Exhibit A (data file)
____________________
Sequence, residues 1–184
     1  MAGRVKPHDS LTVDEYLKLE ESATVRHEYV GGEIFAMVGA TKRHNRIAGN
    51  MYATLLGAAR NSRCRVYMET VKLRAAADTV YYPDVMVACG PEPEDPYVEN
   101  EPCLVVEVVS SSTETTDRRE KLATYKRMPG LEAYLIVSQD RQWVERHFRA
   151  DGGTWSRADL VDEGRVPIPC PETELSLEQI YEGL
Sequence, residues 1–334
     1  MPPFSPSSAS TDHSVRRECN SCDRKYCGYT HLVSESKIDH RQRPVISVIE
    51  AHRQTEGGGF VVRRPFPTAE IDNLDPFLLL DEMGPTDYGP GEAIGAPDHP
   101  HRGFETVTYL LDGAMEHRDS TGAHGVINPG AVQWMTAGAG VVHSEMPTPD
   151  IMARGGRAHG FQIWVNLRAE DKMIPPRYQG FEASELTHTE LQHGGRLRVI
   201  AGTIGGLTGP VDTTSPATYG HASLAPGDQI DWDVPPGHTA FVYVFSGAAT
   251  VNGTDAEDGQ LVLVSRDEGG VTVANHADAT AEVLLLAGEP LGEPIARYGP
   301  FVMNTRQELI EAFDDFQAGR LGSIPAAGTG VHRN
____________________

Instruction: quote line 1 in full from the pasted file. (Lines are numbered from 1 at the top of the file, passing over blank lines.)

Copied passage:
Sequence, residues 1–184